A serious biodynamic Dolcetto. Muddled berries and dark fruit, tobacco, cedar, leather and a touch of Brett. A stand-out. — a month ago
Plenty of fruit left: prune, raisin, fig, dried orange peel, dried cranberry, rosemary and bay leaves, crushed stone, blood, allspice, roasted leaves. Tar, leather, balsamic vinegar, sour cherry and mint on the palate. 13.5% abv. Elevated acidity, elevated pulverized sweet tannins, and medium+ finish. — 16 days ago
Fascinating how different this is from the Rocche 13' (from the same producer). Goes to show that Piedmont is indeed a great distraction from Burgundy, which has been reflected in the increasing prices. Thankfully, Brovia's wines are still "under the radar." Affordable, in the scale of things.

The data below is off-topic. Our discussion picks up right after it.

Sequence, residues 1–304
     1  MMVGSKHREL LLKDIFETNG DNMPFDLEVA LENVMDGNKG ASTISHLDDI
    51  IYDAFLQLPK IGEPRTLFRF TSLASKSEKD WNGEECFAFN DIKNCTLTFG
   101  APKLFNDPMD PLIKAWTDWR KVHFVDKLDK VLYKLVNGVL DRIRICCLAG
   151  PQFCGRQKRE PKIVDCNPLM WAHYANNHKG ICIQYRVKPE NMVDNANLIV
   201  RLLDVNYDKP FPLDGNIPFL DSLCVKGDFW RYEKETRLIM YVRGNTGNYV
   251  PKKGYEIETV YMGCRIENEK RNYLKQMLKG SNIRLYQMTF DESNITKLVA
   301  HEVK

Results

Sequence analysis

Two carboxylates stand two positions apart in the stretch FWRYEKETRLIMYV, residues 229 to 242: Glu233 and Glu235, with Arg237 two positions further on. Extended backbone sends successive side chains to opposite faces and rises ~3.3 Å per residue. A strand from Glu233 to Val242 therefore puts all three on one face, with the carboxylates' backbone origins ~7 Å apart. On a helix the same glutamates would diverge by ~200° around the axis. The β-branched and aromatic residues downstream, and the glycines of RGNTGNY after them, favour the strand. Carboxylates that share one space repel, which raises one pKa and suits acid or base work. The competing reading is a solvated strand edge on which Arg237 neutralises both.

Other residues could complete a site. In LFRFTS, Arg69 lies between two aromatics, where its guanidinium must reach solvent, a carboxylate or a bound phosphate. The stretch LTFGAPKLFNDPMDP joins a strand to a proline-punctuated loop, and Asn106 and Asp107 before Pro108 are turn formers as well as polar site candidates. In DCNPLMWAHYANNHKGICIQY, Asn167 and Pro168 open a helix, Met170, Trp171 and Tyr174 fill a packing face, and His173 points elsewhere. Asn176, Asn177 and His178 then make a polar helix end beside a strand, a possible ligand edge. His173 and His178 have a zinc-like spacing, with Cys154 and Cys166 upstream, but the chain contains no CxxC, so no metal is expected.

Neighbouring vineyards. The Rocche - blue-fruit focused, leaner, less tannic on the palate (but you could smell it), elegant if not firmer. The Villero - red-fruited, more classic on the nose, brawny palate, with big spice tones and a blood-like minerality. No preference of one over the other at the moment. Rocche, the queen of Brovia's line-up, and Villero, the king! Their purity, nuance, and turbo-charged aromatics are seriously impressive, though it doesn't make it any easier to drink them at this early stage. Definitely cellar these crus. Minimum 20 years! — 9 days ago
Robbing the cradle, but so delicious 🤤 captures the best of Serralunga but with a sense of generosity. Classy, structured, power and elegance in harmony even at this stage in its life. More time would certainly bring more complexity, but with leg of lamb roast this was killer. Rose petal, exotic spices, dried flowers, eucalyptus, black cherries, clove, camphor and limestone. — 17 days ago